The report, released by two GOP lawmakers on the House Committee on Oversight and Government Reform, asserts that the Home Affordable Modification Program (HAMP) is harming the country's economic recovery.
"By every empirical measure, HAMP has failed," concluded Rep. Darrell Issa, R-Calif., and Rep. Jim Jordan, R-Ohio., citing a record number of homeowners in foreclosure.
The administration's program provides incentives for mortgage companies to modify the loans of qualifying borrowers. When the administration unveiled the program last March, officials said the plan would help 3 to 4 million homeowners avoid foreclosure.
As of the end of January, the Treasury Department said 116,000 borrowers had received permanent loan modifications. While over a million homeowners in all have started trial modifications – saving more than $500 a month, critics have honed in on the low number of permanent modifications as evidence that the program has not succeeded.
According to data released by the Mortgage Bankers Association, a record 15 percent of American mortgage holders are either in foreclosure or at least one payment behind. In the past year, the number of seriously delinquent mortgage owners has soared.
Issa and Jordan said homeowners that failed to secure permanent modifications would be in a better position today if they had not participated in the administration's plan.
"Treasury's own data suggests that hundreds of thousands of homeowners would receive temporary modifications but fail to qualify for permanent ones, thus ultimately leading to default," the lawmakers argued. "These homeowners would have been better off if they had defaulted earlier and spent the payments on more affordable housing options."
Therefore, the GOP congressmen said, the housing plan is damaging the country's overall economic recovery.
"HAMP both hurts homeowners who might otherwise spend their trial period mortgage payments on rent and also distorts the housing market, delaying any recovery," said Issa and Jordan.
Issa is the top Republican on the House panel, while Jordan is the ranking Republican on the Domestic Policy subcommittee. The lawmakers accused Treasury of attempting to conceal the program's shortcomings.
"Treasury is being dishonest and disingenuous in characterizing the results of this failed policy by hiding reporting numbers, releasing misleading statements, and failing to turn over information and documents," Issa said in a statement. "The Obama Administration and the Department of Treasury are wasting billions of taxpayer dollars without helping the vast majority of struggling homeowners who seek help."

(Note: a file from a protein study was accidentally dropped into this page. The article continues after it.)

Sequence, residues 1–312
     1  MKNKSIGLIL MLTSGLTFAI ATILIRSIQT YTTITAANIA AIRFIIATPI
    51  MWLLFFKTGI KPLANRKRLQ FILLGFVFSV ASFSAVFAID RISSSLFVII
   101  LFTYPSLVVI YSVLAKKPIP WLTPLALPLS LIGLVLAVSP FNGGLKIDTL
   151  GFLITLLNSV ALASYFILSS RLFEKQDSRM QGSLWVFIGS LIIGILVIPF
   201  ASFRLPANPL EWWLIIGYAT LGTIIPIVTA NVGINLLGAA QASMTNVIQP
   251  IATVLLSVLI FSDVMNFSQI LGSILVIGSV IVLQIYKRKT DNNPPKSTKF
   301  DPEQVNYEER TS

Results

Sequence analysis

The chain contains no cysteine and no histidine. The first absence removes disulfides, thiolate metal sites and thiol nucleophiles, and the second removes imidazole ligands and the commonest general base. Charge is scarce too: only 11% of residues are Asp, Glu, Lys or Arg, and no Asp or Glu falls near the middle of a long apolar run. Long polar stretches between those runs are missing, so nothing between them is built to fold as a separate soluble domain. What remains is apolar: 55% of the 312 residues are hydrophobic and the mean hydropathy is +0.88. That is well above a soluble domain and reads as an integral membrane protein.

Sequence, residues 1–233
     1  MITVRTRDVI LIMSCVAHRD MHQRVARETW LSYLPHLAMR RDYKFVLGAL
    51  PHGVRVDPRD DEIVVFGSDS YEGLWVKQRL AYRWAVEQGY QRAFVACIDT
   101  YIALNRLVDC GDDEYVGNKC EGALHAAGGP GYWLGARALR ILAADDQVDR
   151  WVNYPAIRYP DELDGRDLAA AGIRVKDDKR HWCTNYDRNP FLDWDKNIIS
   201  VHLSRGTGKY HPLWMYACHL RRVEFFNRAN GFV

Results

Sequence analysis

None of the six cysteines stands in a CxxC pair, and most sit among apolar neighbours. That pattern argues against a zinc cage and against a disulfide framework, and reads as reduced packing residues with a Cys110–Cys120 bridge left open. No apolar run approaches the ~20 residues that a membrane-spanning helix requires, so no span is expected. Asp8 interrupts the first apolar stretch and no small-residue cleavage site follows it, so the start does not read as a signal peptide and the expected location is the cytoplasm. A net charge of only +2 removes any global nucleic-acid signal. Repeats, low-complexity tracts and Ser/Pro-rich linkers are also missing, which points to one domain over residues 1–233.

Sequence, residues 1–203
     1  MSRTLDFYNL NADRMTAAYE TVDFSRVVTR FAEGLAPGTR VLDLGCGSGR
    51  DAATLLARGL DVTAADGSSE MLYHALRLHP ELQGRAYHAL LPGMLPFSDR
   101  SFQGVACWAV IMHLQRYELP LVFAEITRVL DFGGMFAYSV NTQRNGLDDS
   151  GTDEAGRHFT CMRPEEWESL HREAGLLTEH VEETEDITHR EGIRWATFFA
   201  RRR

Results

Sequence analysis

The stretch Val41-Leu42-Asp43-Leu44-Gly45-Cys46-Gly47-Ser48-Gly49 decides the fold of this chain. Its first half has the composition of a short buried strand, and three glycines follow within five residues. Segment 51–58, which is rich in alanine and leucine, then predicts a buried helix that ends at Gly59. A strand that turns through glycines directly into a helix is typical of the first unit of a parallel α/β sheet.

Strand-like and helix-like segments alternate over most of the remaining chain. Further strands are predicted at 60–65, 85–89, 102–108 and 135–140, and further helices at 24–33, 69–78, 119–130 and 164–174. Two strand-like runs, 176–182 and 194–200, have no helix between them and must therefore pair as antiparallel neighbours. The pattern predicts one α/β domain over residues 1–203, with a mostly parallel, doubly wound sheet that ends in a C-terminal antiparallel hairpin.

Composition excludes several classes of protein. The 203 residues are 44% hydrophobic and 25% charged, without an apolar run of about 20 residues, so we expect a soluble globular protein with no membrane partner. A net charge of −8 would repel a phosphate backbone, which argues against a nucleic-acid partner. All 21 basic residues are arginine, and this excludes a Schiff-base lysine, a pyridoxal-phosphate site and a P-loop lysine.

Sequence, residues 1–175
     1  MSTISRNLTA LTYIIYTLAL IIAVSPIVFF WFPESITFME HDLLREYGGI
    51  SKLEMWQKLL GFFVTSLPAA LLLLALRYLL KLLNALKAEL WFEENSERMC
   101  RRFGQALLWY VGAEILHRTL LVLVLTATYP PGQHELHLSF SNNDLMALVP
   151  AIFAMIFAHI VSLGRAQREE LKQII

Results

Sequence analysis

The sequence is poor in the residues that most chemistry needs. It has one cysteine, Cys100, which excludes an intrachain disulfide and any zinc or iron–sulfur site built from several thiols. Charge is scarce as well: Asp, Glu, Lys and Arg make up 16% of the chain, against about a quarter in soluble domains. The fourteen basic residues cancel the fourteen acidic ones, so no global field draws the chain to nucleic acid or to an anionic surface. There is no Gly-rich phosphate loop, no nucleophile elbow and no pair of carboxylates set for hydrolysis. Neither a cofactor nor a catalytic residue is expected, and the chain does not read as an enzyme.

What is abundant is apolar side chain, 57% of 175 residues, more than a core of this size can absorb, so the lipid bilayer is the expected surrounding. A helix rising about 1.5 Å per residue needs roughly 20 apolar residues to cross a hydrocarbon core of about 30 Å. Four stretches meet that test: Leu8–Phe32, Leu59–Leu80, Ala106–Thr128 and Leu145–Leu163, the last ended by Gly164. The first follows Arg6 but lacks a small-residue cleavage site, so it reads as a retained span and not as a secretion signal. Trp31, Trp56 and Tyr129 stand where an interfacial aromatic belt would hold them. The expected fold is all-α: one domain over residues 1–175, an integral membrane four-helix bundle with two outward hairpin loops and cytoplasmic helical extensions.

"Many Americans," said Jordan, "are throwing their money away through a government program that's supposed to help them, but is only leaving them in a bigger financial hole."
Treasury officials could not be reached for comment on the report. In recent briefings on the program, administration officials have said the program is succeeding in its efforts.
Phyllis Caldwell, head of Treasury's Homeownership Preservation Office, said the most recent data released at the end of January showed that the program "is doing the job it was designed to do" and remains "on pace to meet" the goal of helping 3 to 4 million homeowners by the end of 2012.
A key stumbling block for the program has been getting mortgage servicers to increase the rate of conversions from trial modifications to permanent ones.
As of the end of last month Bank of America had only finalized 12,761 permanent modifications out of a total of more than one million eligible borrowers. Wachovia Mortgage has made 330 permanent modifications out of 86,461 eligible homeowners.
The administration late last year launched a mortgage conversion drive to increase the performance of servicers.
Criticism of the housing plan has not only come from Republicans, but from Democrats, too.
At a December hearing in Washington, lawmakers on the House Financial Services committee blasted the program.
"We're very unhappy," said Rep. Maxine Waters, D-Calif.. "Our constituents are in pain. Our communities are at great risk. Treasury, you're just too slow. You talk about all the things that you're going to do, how you're going to improve. We've been listening too long."
The panel's chairman, Rep. Barney Frank, D-Mass., said he felt "a great frustration" with the government's efforts to stem the foreclosure crisis.
"No one should think we are doing a satisfactory job," he said.
Rep. Emanuel Cleaver, D-Missouri, urged Treasury to crack down on under-performing mortgage companies.
"We haven't spanked anybody so I think they've come to the conclusion that spankings are not on the agenda," Cleaver said.